Studies estimate that about 1 in every 5 girls and 1 in every 7 to 10 boys are sexually abused. In 2006, Congress passed SORNA, which introduced new sex offender registration standards for all 50 states, 5 U.S. territories (American Samoa, Guam, the Northern Mariana Islands, Puerto Rico, and the U.S. Virgin Islands), the District of Columbia, and certain Indian tribes. SORNA established the SMART Office to determine if these jurisdictions have "substantially implemented" the law, and to assist them in doing so. The deadline to implement SORNA was July 2009; given that none of the jurisdictions met this deadline, DOJ authorized two 1-year extensions. This report addresses: (1) To what extent has the SMART Office determined that jurisdictions have substantially implemented SORNA, and what challenges, if any, have jurisdictions faced (2) For jurisdictions that have substantially implemented SORNA, what are the reported effects that the act has had on public safety, criminal justice stakeholders, and registered sex offenders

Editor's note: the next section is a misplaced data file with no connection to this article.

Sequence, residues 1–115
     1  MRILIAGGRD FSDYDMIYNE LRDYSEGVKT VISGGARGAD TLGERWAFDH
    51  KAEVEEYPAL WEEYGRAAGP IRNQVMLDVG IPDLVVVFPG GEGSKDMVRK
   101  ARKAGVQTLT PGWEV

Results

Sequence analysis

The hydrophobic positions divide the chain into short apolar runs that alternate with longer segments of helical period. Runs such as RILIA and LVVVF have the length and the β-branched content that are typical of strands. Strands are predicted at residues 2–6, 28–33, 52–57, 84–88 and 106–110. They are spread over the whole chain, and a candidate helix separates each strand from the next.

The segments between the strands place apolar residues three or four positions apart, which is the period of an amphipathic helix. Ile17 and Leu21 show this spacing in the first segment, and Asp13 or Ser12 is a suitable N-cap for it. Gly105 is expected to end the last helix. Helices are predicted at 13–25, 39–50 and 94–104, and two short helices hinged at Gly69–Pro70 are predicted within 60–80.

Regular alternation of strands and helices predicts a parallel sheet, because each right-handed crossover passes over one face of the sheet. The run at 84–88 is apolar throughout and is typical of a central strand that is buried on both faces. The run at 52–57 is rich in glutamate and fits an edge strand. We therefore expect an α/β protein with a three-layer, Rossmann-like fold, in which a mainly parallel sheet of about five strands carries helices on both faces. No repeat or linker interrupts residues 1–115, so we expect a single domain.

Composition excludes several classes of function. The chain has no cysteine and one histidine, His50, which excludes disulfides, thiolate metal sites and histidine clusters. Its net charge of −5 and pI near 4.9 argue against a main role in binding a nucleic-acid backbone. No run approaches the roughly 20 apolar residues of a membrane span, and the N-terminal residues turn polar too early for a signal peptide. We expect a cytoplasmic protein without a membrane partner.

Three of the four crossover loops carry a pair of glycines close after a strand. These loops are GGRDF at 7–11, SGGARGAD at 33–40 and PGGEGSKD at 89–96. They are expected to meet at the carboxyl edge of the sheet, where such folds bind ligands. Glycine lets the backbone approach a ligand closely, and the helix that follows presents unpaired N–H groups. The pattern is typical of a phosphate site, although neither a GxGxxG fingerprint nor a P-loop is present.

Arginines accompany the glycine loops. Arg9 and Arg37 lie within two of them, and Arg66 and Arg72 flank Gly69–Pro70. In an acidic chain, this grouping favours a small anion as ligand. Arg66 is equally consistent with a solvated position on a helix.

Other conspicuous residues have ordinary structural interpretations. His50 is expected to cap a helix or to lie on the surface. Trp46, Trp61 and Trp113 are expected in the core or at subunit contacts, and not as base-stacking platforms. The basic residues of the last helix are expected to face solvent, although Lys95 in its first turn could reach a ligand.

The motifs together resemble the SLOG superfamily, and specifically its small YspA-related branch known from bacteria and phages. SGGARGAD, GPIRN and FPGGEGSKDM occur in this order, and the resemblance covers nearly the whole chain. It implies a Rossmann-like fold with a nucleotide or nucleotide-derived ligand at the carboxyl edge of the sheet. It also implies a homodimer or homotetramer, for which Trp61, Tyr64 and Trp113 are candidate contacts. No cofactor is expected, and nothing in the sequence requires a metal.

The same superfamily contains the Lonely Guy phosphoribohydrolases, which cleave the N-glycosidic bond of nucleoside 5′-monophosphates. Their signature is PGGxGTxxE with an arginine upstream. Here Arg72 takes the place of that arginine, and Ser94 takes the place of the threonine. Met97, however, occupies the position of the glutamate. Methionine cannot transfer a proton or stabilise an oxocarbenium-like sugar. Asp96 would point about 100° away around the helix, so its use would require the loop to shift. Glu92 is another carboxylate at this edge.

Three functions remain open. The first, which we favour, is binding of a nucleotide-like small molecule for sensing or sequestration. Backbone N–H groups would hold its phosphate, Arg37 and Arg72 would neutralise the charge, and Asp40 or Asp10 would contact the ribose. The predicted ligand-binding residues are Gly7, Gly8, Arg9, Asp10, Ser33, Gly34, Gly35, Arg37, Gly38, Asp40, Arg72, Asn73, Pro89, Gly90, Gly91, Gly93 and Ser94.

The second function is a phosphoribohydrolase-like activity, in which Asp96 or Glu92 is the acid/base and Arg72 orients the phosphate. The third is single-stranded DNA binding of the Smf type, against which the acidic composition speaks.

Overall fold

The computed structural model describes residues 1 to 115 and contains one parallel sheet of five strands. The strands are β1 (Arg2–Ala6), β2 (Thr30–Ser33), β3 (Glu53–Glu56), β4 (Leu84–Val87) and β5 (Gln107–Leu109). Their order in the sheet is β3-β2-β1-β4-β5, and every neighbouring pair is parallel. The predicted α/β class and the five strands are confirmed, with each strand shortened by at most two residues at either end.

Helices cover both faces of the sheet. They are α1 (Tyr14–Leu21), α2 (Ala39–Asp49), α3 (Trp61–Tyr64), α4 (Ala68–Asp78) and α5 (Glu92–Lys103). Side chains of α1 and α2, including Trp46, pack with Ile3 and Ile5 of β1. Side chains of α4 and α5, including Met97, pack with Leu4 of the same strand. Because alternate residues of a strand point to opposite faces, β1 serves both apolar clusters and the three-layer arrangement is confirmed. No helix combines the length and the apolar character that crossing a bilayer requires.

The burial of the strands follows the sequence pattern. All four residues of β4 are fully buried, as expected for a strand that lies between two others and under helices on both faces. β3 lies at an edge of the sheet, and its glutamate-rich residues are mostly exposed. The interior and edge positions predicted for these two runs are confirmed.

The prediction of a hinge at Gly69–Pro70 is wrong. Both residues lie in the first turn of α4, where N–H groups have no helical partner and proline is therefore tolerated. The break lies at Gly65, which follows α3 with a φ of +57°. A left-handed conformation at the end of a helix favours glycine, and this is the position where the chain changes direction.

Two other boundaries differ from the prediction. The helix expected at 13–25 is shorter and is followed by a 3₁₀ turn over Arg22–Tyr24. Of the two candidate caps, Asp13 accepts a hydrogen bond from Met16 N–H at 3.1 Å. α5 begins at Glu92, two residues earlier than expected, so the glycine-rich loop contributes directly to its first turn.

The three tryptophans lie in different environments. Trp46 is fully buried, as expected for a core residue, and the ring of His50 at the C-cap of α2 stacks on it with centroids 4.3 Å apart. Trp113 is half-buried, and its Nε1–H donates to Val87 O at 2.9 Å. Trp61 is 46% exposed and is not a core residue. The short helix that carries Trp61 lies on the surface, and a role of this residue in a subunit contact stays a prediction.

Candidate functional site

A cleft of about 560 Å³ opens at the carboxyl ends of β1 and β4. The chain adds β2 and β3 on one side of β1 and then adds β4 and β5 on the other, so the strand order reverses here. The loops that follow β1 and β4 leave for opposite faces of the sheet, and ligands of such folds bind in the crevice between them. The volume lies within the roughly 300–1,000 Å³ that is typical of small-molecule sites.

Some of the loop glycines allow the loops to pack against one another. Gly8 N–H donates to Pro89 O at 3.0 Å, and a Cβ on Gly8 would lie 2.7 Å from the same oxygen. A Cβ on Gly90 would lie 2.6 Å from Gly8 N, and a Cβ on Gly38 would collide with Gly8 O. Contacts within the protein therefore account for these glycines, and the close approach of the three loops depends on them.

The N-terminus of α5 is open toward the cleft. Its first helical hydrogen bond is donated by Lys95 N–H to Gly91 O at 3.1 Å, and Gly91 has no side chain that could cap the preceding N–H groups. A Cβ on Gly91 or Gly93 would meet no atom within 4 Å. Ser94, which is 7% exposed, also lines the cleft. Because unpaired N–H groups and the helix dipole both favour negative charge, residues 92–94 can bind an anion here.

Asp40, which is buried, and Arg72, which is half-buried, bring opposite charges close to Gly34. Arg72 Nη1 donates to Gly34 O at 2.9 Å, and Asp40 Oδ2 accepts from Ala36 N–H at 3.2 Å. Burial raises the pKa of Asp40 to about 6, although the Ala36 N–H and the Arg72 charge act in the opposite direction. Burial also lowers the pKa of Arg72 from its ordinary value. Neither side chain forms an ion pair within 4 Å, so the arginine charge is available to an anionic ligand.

GAO analyzed SMART Office implementation status reports from September 2009 through September 2012. To identify any challenges, GAO surveyed officials in the 50 states, 5 U.S. territories, and the District of Columbia; GAO received responses from 93 percent (52 of 56) of them. The survey results can be viewed at GAO-13-234SP. GAO visited or interviewed criminal justice officials in five jurisdictions that have substantially"
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